English as a Second Language/English Grammar
QUESTION: Please tell which is correct and why.
A. Application for the post of a teacher.
b. Application for the post of teacher.
ANSWER: Hello Sunny,
none of the two sentences above are correct, they do not follow the basic English grammar rules. They're fragments of sentences to begin with ... there is no verb in any of the two and that's incorrect. Also, I'm not sure what you mean by "post" here as a post is usually an online posting, or a pole, a long, sturdy piece of timber or metal set upright in the ground and used to support something or as a marker... so that doesn't make any sense in the context above.
I hope this helps.
---------- FOLLOW-UP ----------
QUESTION: Thanks, Amy, for your reply.
Actually, what I should have asked, or written, is something like this:
Which is correct: "Write an application for the post of a teacher" or "Write an application for the post of teacher".
J C Nesfield uses "a", but L. Gartside( in Model Business Letters, p. 437), writes " Application for a post as foreign correspondent."
My query is : Is "a" required here or not? Or is it optional?
Hi again Sunny,
This is making more sense now. Thank you for providing the extra details.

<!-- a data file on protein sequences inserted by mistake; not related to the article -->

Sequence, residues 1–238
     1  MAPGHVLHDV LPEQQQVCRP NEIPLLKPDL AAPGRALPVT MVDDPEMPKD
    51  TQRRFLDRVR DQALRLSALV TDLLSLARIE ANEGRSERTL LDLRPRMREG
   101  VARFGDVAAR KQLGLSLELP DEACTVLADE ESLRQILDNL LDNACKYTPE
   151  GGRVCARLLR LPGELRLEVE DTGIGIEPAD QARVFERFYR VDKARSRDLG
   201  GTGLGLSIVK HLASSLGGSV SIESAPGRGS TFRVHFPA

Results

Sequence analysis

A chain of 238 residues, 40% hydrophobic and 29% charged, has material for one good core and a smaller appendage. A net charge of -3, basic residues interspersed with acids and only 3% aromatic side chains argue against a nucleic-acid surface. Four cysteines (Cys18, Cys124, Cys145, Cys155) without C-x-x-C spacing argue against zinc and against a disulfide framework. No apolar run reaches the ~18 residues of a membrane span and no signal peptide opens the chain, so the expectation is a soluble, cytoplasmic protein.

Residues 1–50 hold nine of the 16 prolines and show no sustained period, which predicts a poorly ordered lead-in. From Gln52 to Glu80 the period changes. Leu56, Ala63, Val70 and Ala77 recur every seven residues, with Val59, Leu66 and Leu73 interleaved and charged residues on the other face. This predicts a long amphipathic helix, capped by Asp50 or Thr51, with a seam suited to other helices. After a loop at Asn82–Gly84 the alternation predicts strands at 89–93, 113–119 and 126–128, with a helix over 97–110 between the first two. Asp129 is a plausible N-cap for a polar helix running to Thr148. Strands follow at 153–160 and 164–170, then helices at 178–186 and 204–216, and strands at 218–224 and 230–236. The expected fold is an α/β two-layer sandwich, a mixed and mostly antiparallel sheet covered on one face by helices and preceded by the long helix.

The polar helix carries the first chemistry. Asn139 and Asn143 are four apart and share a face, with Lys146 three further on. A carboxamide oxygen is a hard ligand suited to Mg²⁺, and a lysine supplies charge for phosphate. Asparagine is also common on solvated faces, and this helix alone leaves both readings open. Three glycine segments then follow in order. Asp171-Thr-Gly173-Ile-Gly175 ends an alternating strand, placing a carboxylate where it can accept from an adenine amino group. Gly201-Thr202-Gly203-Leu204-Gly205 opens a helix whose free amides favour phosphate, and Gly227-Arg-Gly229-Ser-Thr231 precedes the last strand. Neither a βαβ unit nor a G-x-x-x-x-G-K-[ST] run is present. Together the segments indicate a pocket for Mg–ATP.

First of all, in the context above "post" means position/job.
"Write an application for the post of a teacher" or "Write an application for the post of teacher".
Of the two sentences, the second one sounds more close to something a British English speaker would say. The first is not correct in my opinion.
I'd actually say: "write an application for a teaching position/job" instead of any of the version you have provided.
Back to the question about the use of the indefinite article "a" - it's not needed here.
Another thing to perhaps keep in mind is the fact that Nesfield grammar book was written in the 19th century (if not mistaken) for the English speakers in colonial India and English language has since evolved. Gartside's book is much more recent and reflects the language spoken nowadays.
I hope that helps.